By the end of 2017, consumer debt, including student loans and credit cards, had risen to $3.84 trillion, marking a staggering 45 percent increase since 2008. The effect of all that debt on the American economy is staggering, but if you are carrying large amounts of debt yourself, the burden may be too much to bear. Climbing your way out from under a mountain of debt can be difficult. Thankfully, a number of government initiatives can help those who want to get out of debt.
Public Service Loan Forgiveness
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At the moment, no one seems to know quite how long it is going to last, but the Public Service Loan Forgiveness program, signed into law by President Barack Obama in 2007, was designed to help Americans struggling with student loan debt by encouraging them to devote their time to work in the public sector. While working as a teacher, police officer, or other public service career, participants must make 120 monthly income-based payments on their student loans in order to qualify for the balance of the loan to be forgiven at the end of those 120 months.
This arrangement is different from the loan forgiveness option for all other Americans, which goes into effect after 20 years and 240 payments, which makes it an attractive option for those seeking student debt relief.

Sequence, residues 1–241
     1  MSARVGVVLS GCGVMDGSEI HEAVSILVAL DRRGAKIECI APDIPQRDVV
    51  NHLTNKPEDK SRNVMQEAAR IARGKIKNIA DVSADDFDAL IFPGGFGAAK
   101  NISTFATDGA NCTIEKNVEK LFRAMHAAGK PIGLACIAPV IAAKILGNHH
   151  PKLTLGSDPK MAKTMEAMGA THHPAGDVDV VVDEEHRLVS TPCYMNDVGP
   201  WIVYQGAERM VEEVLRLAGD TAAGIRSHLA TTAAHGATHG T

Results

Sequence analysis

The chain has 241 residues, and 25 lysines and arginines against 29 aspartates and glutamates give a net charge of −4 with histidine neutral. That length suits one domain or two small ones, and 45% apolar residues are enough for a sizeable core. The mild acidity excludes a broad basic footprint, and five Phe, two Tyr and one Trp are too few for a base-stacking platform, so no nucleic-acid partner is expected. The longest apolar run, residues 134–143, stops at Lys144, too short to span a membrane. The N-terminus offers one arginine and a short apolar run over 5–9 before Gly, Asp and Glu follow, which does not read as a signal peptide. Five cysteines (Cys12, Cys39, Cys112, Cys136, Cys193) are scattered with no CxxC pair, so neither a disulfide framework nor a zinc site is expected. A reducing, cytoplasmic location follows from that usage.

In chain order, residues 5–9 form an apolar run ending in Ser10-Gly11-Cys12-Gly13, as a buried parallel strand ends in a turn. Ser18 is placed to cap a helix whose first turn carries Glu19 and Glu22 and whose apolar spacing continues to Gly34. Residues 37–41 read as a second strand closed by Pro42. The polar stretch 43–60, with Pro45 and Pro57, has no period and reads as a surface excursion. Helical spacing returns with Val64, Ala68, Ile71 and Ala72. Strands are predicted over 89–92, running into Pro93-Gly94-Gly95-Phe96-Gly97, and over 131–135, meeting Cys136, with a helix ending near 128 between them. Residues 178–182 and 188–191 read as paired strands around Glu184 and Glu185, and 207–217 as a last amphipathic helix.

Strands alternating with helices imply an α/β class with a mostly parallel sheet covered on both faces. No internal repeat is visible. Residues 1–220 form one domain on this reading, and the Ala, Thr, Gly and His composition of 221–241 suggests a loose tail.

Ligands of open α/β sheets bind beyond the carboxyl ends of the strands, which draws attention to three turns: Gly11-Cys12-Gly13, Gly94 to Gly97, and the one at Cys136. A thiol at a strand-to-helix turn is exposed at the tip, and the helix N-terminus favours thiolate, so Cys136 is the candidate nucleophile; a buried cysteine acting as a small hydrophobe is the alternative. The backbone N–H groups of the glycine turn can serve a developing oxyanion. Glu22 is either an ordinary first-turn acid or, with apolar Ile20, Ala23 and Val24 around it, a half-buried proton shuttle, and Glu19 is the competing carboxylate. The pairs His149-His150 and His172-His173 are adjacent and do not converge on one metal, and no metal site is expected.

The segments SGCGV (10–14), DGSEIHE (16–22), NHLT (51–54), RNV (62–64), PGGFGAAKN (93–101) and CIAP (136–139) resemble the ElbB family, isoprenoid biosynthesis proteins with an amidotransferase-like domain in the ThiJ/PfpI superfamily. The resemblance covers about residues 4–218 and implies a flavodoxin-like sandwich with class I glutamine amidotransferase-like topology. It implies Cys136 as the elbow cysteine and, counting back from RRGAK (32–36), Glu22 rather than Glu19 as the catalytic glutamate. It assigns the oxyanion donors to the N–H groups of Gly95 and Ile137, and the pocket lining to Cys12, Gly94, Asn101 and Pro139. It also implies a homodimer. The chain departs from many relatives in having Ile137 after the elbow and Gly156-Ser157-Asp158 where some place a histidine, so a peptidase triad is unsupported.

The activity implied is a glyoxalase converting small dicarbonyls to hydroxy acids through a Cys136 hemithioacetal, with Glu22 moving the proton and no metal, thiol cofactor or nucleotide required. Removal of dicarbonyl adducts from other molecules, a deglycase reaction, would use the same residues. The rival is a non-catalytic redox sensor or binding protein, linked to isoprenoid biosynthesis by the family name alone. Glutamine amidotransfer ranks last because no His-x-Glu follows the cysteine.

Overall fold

IRS Fresh Start Tax Relief
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The IRS established its Fresh Start Tax Relief Program to help Americans who were struggling under the burden of tax debt in the form of three separate initiatives: penalty relief, installment payments, and offer-in-compromise (OIC) options.
Penalty relief is available to those taxpayers who have either been unemployed for more than 30 days or have experienced a wage decrease of 25 percent or greater. The penalty relief program gives taxpayers a six-month extension to fully pay their tax bills. The tax owed still accrues interest until it is paid in full, but since penalties can potentially be a huge burden for struggling taxpayers, this program can offer a significant amount of relief.
The IRS also offers installment payments for those who owe less than $50,000 in taxes. With an installment agreement, the tax bill continues to accrue interest until it is fully paid, but you will pay less in penalties. Installment payments are easy to set up with the IRS Online Payment Agreement, which can save taxpayers a great deal of stress and money.
IRS Offer in Compromise
An offer in compromise allows taxpayers to pay their tax liability for less than the full amount owed. The IRS looks at the taxpayer’s income and assets to determine the taxpayer’s ability to pay. It decides on a compromise offer that may be lower than the original tax bill.
If you are feeling the burden of debt in your life, don’t lose hope. With these and other programs, including debt consolidation or debt counseling, you can get out from under the debt that you owe and get back to living your life.